# Math Help - Why does this proof imply 'continuous'?

1. ## Why does this proof imply 'continuous'?

Hi!

The map $\langle ; \rangle : X \times X \to \mathbb{K}$ (it is a dot product) is continuous.

Proof:

$|\langle x,y \rangle - \langle x' , y' \rangle|$

$= |\langle x-x' , y \rangle - \langle x' , y'-y \rangle |$

$\le |\langle x-x' , y \rangle| - |\langle x' , y'-y \rangle |$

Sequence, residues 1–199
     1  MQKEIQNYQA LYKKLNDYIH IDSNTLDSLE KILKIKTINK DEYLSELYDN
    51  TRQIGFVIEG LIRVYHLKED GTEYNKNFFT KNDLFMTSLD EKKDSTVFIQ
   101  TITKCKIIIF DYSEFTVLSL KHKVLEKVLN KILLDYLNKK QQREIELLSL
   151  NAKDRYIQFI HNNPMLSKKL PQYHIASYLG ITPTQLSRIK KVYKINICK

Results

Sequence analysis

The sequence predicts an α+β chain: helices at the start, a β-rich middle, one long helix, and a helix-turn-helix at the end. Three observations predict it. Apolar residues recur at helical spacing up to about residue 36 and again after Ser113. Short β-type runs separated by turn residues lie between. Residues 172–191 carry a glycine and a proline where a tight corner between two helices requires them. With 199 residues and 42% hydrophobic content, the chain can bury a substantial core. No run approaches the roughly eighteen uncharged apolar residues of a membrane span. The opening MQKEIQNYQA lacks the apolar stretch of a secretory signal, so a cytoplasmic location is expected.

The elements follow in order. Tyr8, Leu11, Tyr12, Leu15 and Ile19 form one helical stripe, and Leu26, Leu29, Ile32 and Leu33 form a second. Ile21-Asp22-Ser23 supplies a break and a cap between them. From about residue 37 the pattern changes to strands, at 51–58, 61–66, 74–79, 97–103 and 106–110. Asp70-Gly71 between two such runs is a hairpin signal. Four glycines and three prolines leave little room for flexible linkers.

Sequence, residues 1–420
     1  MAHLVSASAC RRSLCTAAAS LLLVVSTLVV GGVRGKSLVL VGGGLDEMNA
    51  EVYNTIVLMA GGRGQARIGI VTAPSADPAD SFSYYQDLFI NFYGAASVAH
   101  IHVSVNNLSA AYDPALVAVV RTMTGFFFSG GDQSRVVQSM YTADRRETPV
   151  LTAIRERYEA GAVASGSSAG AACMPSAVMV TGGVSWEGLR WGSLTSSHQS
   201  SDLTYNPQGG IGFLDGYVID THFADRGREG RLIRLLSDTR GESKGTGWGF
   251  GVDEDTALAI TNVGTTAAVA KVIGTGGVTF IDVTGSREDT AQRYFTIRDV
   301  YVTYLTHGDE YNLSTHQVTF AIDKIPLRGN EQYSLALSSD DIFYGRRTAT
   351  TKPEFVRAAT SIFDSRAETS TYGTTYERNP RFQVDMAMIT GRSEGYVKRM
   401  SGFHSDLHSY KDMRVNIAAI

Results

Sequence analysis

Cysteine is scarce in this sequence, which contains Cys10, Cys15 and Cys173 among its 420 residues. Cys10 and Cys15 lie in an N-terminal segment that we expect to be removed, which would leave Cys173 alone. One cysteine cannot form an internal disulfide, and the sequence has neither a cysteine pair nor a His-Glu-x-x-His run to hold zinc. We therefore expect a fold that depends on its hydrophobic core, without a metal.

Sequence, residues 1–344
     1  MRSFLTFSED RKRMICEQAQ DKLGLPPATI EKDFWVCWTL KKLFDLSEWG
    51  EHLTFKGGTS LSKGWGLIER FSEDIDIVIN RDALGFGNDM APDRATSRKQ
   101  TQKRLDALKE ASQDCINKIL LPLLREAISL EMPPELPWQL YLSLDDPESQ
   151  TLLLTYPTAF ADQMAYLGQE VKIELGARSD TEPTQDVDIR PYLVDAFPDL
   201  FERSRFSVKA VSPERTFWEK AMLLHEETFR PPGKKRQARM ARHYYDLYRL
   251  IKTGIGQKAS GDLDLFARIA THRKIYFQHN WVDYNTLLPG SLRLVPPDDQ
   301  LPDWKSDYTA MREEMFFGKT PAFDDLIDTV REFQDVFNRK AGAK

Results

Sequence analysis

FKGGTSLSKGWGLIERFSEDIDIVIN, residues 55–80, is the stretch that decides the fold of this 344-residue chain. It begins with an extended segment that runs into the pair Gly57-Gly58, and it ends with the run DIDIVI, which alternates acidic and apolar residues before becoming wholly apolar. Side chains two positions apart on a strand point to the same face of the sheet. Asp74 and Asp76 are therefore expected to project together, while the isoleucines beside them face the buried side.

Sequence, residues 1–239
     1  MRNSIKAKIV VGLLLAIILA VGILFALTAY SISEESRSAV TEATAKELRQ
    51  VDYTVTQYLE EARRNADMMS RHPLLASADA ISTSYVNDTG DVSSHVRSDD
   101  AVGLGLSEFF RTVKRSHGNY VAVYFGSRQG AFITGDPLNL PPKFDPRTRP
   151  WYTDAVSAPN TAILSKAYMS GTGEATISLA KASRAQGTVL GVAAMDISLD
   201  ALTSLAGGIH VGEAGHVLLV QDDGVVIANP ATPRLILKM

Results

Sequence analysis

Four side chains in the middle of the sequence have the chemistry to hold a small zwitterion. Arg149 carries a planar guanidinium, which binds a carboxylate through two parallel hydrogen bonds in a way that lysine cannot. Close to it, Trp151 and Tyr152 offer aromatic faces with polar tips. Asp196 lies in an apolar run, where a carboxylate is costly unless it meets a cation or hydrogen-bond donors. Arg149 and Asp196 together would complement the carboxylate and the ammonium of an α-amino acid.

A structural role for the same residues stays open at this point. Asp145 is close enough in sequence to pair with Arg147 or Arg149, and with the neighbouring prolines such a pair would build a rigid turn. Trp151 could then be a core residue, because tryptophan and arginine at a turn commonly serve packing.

$\le ||y||\cdot ||x-x'|| + ||x'||\cdot ||y'-y||$

So what is the argument to imply that the dot product continuous?

Any help would be much appreciated. Thank you!

Rapha

2. Hello,

To prove that <,> is continuous, you just have to check that $\forall (x,y)\in X^2$, there exists M such that $\langle x,y\rangle\leq M \cdot \|x\|_X\cdot\|y\|_X$

And by the Cauchy-Schwarz inequality, this is obvious :
Spoiler:
$M=1$

3. Hi Moo.

Alright then

Thank you very much!

best regards
Rapha